Kenneka Jenkins didn’t have a Twitter account before her untimely death in a Chicago hotel, but a phony page emerged after her story went viral Monday. The account promised to give details about the 19-year-old’s last moments. Jenkins was found dead inside the walk-in freezer at the Crowne Plaza Chicago O'Hare Hotel and Conference Center Saturday.

“It was Shamaya,” the first tweet on the hoax account read. “I have a confession. I just have to get it off my chest. I'm scared.”

In the tweets that followed, the impersonator said she would tell “the truth” in five hours. “It's started as we were going to the party and... I'm nervous.”

Netizens were quick to identify the page as a phony. “Y’all really out here making fake pages of the girl,” the top comment on the first tweet said. 

While it was obvious that Jenkins wasn’t writing from the dead, some people argued that it might have been one of her friends who had evidence of what happened at the hotel. “Or this could be someone that was there in the room telling the world whose fault it was. This could be huge information just this tweet,” the netizen tweeted.

One petition was created to shut down Crowne Plaza hotel in Rosemont. “[The] mother of victim went to [the] hotel to identify her child and was refused to let her inside and employees of the hotel asked her to leave the premises. Cameras are not being shown to [the] victim’s family, [or] how the victim got into the freezer when a camera is across the freezer,” part of the page said. “This petition’s goal is to get Crowne Plaza hotel shut down and get justice for Kenneka.”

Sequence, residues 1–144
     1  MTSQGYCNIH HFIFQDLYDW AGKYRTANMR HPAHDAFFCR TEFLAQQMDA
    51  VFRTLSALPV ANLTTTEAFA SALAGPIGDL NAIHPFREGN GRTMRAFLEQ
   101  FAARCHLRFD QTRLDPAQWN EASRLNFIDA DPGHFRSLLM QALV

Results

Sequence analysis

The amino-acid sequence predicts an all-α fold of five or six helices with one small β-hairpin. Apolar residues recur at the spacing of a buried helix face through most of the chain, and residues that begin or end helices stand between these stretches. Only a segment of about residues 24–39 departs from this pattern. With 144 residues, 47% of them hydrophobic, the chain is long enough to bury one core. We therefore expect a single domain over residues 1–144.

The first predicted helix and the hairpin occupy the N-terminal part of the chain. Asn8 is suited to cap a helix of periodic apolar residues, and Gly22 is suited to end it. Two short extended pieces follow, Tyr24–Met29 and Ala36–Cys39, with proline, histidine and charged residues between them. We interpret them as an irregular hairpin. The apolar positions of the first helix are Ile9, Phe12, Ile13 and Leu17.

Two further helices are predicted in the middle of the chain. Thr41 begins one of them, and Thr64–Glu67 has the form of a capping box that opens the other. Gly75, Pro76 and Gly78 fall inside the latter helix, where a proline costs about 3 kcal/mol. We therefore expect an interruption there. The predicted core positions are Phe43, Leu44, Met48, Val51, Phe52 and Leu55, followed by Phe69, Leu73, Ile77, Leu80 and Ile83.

The petition had a goal to gain 75,000 signatures. By Tuesday morning, they nearly reached the objective.

A second petition wanted Jenkins’ death to be investigated further and claimed she was killed by her friends. “I believe this girl was intentionally murdered by her friends the night before she was pronounced dead. They are not being charged with murder and should be investigated and charged,” the petition’s creator wrote. With the goal of 15,000 signatures, it garnered more than 13,000 supporters Tuesday.

While police claimed Jenkins was intoxicated and walked into the freezer, her mother, Tereasa Martin, said there was more to the story and that if police would have searched for her daughter early Saturday morning she might still be alive.

“If [police] had taken me seriously and checked right away, they could have found my daughter much sooner,” Martin told The Chicago Tribune Monday. “And she might have been alive.”

Rosemont Police weren’t fazed by Martin’s criticism.

“Anyone can understand how a parent can feel distraught over the loss of a child and feel the need to lash out due to the tremendous pain they're feeling, and we certainly understand that,” Gary Mack, a spokesman for the village of Rosemont, told the Chicago Tribune. “But people can rest assured Rosemont is one of the top, highest trained, most respected police departments in the state of Illinois and does a good job at what they do.”

This is a developing story. Please check back for updates.

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